Princes William, Harry unveil Princess Diana statue amid family rift

On what would have been her 60th birthday, estranged brothers Princes William and Harry came together to honor their mother, Princess Diana’s, memory.

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The two brothers appeared together to unveil a statue of Diana in the Sunken Garden at Kensington Palace, The Associated Press reported.

They said they would hope it would be a memorial to her life and legacy, Reuters reported.

The statue shows Diana, who was killed in a car crash in Paris in 1997, with three children that represent “the universality and generational impact” of the princess.

There is a stone engraved with a portion of the poem “The Measure of A Man” and a plinth with her name and July 1, 2021, inscribed below the statue, according to Reuters.

The statue was designed by Ian Rank-Broadley and was commissioned by William and Harry in 2017, Reuters reported.

“Today, on would have been our mother’s 60th birthday, we remember her love, strength and character — qualities that make her a force for good around the world, changing countless lives for the better,” William and Harry said in a joint statement, Reuters reported.

They added, “Every day, we wish she were still with us, and our hope is that this statue will be seen forever as a symbol of her life and her legacy.”

The brothers were joined by Diana’s brother Charles Spencer and her sisters Sarah McCorquodale and Jane Fellowes, Reuters reported.

This was the second time the Duke of Cambridge and the Duke of Sussex have been together since Harry and his wife, Meghan Markle, spoke with Oprah Winfrey about the inner workings and challenges they faced as working members of the royal family, the AP reported.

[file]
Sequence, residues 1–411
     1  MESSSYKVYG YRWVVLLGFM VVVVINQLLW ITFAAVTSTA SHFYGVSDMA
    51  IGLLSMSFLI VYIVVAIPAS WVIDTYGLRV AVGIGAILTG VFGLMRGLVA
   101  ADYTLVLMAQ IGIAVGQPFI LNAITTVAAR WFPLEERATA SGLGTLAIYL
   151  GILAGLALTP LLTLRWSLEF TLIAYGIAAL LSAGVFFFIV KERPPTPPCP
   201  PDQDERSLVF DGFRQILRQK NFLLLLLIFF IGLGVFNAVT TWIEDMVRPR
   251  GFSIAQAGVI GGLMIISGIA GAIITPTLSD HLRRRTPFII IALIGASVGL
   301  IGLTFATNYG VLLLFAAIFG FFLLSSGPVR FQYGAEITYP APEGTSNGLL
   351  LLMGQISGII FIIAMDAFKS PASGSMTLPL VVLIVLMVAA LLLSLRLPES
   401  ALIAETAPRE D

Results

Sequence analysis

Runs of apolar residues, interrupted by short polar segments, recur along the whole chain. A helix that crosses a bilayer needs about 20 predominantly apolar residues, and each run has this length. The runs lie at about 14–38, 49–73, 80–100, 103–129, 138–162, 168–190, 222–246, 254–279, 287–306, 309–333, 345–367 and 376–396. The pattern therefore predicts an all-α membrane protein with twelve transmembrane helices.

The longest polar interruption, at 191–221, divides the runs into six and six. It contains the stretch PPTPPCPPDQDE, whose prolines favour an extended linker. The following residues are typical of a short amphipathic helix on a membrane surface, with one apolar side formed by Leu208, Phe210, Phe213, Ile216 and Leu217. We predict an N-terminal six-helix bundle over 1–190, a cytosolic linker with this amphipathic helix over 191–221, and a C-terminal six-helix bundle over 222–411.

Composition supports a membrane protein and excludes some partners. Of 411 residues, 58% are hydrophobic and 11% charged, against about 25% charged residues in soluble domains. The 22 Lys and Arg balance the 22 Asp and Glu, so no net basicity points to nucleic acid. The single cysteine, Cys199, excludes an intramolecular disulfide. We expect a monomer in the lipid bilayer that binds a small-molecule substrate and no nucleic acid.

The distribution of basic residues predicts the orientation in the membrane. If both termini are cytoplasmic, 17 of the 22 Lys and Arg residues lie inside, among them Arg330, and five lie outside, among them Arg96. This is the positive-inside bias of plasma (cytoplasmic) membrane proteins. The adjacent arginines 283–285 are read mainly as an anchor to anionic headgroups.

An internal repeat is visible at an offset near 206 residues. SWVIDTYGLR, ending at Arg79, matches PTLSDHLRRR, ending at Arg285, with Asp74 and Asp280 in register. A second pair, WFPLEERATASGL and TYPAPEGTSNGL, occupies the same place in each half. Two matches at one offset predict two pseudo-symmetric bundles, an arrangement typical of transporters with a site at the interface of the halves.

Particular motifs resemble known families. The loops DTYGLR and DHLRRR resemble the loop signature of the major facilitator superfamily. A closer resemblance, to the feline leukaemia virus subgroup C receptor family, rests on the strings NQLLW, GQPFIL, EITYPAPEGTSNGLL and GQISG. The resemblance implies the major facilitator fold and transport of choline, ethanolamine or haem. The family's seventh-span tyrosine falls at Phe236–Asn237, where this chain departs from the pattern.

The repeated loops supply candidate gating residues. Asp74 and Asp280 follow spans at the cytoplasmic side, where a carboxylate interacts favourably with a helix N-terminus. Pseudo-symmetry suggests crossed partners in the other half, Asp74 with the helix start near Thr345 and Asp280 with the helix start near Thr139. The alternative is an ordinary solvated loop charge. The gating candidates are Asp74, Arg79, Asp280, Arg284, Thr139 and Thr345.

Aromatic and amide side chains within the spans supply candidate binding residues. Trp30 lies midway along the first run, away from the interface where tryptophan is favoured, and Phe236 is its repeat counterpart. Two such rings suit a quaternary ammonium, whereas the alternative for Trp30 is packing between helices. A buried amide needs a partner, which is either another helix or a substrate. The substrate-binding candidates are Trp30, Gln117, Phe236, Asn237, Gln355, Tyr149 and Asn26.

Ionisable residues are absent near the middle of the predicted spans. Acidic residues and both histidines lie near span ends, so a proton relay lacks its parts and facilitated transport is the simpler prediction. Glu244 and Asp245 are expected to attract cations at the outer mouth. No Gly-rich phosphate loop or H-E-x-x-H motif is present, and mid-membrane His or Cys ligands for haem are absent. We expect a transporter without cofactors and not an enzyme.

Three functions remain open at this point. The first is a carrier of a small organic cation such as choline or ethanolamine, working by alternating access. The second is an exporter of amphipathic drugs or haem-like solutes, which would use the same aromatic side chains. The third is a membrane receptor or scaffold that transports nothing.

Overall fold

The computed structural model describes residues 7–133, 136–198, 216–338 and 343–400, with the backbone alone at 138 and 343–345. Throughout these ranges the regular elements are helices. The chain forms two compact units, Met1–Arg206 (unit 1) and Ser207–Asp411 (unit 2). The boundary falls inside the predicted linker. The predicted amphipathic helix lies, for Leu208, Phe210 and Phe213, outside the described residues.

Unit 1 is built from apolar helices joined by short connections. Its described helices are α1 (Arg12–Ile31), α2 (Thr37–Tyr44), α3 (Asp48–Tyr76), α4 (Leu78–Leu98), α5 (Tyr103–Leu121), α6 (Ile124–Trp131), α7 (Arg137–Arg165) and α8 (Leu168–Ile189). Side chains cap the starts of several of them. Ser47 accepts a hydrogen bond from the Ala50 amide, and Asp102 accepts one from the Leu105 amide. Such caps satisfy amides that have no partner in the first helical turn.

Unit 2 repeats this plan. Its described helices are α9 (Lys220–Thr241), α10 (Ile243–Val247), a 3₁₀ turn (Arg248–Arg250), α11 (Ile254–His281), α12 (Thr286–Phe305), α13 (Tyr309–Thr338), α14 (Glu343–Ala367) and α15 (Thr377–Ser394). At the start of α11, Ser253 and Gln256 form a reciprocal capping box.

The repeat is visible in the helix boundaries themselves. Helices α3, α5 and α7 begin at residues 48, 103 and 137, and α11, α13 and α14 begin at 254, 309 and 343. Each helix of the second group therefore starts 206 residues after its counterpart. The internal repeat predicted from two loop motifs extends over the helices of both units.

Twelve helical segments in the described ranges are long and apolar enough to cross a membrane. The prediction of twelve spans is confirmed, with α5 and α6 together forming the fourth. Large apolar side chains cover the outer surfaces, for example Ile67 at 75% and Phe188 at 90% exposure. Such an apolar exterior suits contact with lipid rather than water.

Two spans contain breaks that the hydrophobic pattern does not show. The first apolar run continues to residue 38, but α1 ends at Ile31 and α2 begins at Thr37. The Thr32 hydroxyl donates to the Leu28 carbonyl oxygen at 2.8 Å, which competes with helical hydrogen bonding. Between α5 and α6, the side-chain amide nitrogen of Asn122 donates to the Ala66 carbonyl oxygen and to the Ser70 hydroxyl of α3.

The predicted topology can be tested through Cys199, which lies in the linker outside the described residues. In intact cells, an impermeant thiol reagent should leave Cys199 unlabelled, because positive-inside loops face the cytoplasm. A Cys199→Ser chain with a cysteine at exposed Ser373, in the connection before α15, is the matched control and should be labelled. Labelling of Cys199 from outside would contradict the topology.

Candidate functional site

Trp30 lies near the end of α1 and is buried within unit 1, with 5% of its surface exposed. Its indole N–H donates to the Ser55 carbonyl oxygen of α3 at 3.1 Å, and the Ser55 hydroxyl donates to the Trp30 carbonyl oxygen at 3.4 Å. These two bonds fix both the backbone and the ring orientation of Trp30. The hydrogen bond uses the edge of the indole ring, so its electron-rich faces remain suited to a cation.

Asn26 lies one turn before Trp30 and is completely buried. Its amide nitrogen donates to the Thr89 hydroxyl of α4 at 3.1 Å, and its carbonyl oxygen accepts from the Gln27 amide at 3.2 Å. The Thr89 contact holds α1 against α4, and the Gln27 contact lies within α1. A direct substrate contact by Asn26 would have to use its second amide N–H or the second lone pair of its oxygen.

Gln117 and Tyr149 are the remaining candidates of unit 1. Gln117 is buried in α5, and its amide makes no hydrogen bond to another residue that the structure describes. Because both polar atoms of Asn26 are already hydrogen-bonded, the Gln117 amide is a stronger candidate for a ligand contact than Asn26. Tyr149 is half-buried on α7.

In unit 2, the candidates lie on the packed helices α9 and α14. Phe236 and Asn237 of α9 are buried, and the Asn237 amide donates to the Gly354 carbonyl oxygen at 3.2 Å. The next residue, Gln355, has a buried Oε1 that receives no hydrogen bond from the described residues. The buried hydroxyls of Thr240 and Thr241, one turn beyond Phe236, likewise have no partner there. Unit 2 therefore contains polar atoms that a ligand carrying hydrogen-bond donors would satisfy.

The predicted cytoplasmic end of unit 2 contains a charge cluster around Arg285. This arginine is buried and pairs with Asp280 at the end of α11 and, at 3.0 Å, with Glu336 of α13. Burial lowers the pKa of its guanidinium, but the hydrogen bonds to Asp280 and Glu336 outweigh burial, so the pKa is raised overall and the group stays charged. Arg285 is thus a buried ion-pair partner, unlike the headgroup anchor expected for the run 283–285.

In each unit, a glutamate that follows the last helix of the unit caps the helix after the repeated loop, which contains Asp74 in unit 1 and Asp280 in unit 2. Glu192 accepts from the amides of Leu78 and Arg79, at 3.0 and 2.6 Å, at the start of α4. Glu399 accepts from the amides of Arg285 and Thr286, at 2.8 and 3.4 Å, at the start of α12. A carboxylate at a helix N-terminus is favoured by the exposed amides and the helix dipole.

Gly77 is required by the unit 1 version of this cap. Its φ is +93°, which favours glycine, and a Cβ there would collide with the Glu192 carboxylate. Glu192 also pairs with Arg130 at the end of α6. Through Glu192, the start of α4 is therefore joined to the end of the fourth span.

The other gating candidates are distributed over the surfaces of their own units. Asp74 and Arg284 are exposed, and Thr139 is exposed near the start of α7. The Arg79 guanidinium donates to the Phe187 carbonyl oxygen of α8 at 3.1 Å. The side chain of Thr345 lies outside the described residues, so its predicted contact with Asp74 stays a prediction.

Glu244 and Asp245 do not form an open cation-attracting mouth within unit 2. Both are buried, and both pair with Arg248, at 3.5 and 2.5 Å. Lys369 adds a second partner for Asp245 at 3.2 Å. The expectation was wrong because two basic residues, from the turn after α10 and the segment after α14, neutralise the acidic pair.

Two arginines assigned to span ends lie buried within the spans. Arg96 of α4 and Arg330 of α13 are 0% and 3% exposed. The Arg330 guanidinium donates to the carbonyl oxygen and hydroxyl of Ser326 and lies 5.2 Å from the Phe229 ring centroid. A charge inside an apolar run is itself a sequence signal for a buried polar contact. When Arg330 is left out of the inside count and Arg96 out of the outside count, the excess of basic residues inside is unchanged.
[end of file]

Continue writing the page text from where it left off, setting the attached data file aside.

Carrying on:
Harry and Meghan stepped down as working royals more than a year ago, which started the rift between the House of Cambridge and the House of Sussex.

One historian said the breakdown is more than two brothers disagreeing. Robert Lacey, author of “Battle of Brothers: William, Harry and the Inside Story of a Family in Tumult,” said William, who is second in line to the throne of England, is defending the monarchy. Harry, on the other hand, is defending his wife.

“It’s a matter of love versus duty, with William standing for duty and the concept of the monarchy as he sees it,” Lacey told the AP. “And then from Harry’s point of view, love, loyalty to his wife. He is standing by her. Those are very deeply rooted differences, so it would be facile to think that there can just be a click of the fingers.”

But the rift was expected to stay behind closed doors during Thursday’s ceremony.

“We’re not going to see any acrimony or animosity between the brothers on Thursday,” Ed Owens, author of “The Family Firm: Monarchy, Mass Media and the British Public 1932-1953,″ told the AP. “I think reconciliation is a long way off, but nevertheless these are expert performers. Harry and William have been doing this job long enough now that they know that they’ve got to put, if you like, occasional private grievances ... aside for the sake of getting on with the job.”